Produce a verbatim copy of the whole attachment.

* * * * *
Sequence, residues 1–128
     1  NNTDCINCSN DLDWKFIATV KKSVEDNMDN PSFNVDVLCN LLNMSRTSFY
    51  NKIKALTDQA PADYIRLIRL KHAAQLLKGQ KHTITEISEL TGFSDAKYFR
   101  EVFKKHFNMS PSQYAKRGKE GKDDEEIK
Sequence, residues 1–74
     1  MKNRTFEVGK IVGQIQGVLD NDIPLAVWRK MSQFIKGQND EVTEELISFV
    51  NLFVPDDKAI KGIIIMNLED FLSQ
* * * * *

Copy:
Sequence, residues 1–128
     1  NNTDCINCSN DLDWKFIATV KKSVEDNMDN PSFNVDVLCN LLNMSRTSFY
    51  NKIKALTDQA PADYIRLIRL KHAAQLLKGQ KHTITEISEL TGFSDAKYFR
   101  EVFKKHFNMS PSQYAKRGKE GKDDEEIK
Sequence, residues 1–74
     1  MKNRTFEVGK IVGQIQGVLD NDIPLAVWRK MSQFIKGQND EVTEELISFV
    51  NLFVPDDKAI KGIIIMNLED FLSQ